How to Stay Safe at Work

Whether you’re working at a computer all day or driving a forklift, it’s essential to look after health and safety at work. Taking care of potential hazards before they occur is much better than having to worry about the results of an accident after the fact. Here are some tips to enhance your safety at work.

First, it’s important to know what the workplace risks are. If you are driving a vehicle or handling hazardous materials, there will be protocols available for carrying out these activities safely. Check out your company’s health and safety manual and pay attention to all warning signs and guidelines posted in areas of potential risk. As part of this, make sure that you have any protection you need to undertake your daily tasks. This could range from simple gloves, ear muffs or protective goggles to full suits to ensure that your whole body is insulated against risk. While it may seem onerous to have to suit up, it’s better than the alternative, and is designed to keep you safe.

If your job involves lifting heavy boxes or moving machinery, use mechanical assistance to save your back. Trolleys, fork lifts, cranes, conveyor belts and the like help you to move large items easily while reducing any risks. If you do have to lift items yourself, do it safely by bending your knees, keeping your back straight and avoiding unnatural twists and turns.

Of course, it’s not only heavy lifting that can injure your back; you can also be at risk even if you are sitting at a desk. Office workers need to take care of ergonomics. That means ensuring that your chair is at an adequate height so that you can look straight at your screen and keep your legs at right angles. It also means supporting feet and risks where needed and purchasing the right kinds of chairs and keyboards so that you avoid long term damage to your back or wrists.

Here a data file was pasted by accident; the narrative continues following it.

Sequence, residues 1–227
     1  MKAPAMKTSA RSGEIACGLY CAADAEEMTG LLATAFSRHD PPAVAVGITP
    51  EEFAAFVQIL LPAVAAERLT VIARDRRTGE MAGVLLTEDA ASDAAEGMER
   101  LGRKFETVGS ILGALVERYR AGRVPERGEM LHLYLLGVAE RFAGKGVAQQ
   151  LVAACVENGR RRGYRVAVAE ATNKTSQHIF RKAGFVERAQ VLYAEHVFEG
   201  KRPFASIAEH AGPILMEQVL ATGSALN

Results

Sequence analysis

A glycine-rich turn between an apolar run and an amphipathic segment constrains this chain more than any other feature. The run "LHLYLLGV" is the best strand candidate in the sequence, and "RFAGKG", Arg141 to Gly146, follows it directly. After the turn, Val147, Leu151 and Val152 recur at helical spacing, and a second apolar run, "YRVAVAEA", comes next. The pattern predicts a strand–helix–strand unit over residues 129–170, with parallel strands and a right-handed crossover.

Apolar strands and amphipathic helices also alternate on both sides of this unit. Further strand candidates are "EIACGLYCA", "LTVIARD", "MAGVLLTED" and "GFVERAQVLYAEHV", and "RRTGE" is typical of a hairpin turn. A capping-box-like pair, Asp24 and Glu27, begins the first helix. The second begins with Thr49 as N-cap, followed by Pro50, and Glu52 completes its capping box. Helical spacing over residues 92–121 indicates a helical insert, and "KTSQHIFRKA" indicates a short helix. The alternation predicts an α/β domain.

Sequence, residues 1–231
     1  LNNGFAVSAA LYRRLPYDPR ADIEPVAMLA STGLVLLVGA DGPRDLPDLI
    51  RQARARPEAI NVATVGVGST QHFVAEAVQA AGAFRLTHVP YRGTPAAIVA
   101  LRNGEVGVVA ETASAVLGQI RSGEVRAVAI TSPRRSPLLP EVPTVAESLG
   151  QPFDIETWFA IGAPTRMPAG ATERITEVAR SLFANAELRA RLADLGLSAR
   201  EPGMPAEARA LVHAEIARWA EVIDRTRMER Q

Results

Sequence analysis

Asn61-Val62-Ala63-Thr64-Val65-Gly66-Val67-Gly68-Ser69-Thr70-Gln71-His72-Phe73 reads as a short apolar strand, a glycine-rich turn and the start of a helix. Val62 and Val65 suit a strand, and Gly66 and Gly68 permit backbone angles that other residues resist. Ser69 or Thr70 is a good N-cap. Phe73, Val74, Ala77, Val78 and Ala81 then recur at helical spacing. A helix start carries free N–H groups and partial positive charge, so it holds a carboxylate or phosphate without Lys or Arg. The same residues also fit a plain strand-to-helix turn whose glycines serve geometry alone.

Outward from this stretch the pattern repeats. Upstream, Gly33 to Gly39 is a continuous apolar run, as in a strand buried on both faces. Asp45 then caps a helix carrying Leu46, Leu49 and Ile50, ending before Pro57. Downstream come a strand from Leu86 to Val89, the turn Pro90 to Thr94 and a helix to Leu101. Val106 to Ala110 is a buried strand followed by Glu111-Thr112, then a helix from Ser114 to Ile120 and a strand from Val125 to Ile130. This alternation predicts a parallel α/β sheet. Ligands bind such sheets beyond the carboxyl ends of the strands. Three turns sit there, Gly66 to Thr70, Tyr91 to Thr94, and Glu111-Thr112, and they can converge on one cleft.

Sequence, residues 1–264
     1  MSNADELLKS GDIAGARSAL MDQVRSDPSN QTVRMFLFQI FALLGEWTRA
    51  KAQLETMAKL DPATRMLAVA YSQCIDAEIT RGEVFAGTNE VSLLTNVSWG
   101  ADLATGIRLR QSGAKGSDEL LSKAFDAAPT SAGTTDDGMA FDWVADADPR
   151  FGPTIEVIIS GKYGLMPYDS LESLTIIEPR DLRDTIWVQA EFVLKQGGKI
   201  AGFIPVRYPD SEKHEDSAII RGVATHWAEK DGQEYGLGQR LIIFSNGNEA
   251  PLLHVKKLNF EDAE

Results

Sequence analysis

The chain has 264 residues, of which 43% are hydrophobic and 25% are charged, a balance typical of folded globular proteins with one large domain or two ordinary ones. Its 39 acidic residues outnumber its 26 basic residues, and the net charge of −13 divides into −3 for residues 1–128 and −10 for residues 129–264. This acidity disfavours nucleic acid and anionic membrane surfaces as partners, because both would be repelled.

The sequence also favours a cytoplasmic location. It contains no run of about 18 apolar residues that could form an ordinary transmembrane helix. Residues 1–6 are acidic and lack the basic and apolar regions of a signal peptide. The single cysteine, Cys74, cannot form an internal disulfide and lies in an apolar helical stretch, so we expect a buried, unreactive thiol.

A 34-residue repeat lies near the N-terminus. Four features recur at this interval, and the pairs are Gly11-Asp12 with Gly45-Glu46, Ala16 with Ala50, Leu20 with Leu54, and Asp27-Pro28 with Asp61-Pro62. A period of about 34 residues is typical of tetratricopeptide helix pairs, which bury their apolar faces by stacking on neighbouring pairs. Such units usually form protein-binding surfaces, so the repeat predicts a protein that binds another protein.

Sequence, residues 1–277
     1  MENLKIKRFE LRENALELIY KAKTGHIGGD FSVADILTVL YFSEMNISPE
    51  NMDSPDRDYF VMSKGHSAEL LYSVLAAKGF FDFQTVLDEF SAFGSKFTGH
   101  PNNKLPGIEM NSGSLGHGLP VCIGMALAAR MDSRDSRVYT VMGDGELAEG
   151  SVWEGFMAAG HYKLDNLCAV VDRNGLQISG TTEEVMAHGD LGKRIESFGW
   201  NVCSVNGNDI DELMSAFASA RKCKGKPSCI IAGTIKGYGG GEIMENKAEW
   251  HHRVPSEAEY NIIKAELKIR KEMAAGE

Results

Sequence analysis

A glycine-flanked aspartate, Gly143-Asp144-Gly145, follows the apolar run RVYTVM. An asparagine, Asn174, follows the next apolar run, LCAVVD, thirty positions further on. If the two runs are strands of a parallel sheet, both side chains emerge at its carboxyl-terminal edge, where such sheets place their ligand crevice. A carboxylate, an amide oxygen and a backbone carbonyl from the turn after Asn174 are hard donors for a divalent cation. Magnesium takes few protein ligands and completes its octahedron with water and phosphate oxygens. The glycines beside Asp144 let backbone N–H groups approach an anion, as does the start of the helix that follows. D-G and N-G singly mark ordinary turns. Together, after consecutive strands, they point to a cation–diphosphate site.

Whether you’re doing a manual or desk bound job, one issue that’s important is taking the breaks to which you are entitled. Scheduled breaks are included in the health and safety manuals to ensure that you don’t become fatigued and have accidents when handling heavy machinery. For office workers, breaks mean that you can avoid undue strain on your wrists and back by sitting hunched over a computer for too long. Even if you have a job to complete, it’s a good idea to take those breaks when they are due.

Did you know that alcohol and drugs are implicated in a significant percentage of workplace accidents? If you’re using those substances then your judgement is impaired – that’s how accidents happen. Even if you’re not a regular drinker, it goes without saying that operating machinery the morning after the heavy night before is a very bad idea.

Finally, do what you can to minimise stresses in the workplace. Not only is stress a major cause of heart disease and stroke but if you’re stressed at work you may not make the best decisions, resulting in accidents. Keep conflicts at work to a minimum and use company processes to get issues resolved before they affect your health.

Chris Jenkinson writes for materials handling specialists, UK Forks.


Please enter your comment!
Please enter your name here

Subscribe For Updates!


Finding Happiness and Balance After Trauma

If you have been involved in a traumatic accident, chances are your life is no longer as it once was, but rather a different...

In A Home Office Rut? 5 Ideas to Revamp Your Workpace

Working from home provides you with the opportunity to create a home office that is practical and inspiring. After all, you will not have...

Limes, Your kitchens great zing

Healthy, Affordable Goodness: Limes Are you looking for something to add some extra taste without hurting the bottom line? Well consider lime's. Whether as an...

Plants That Can Improve Your Home Air Quality in Your House

Over time, poor indoor air quality can have numerous negative effects on one’s health, such as an increased risk of respiratory diseases, heart disease,...

Death toll rises in meningitis outbreak

The CDC announced today that an additional 1,000 people more than previously thought may have received steroid injection contaminated with fungal meningitis. The CDC...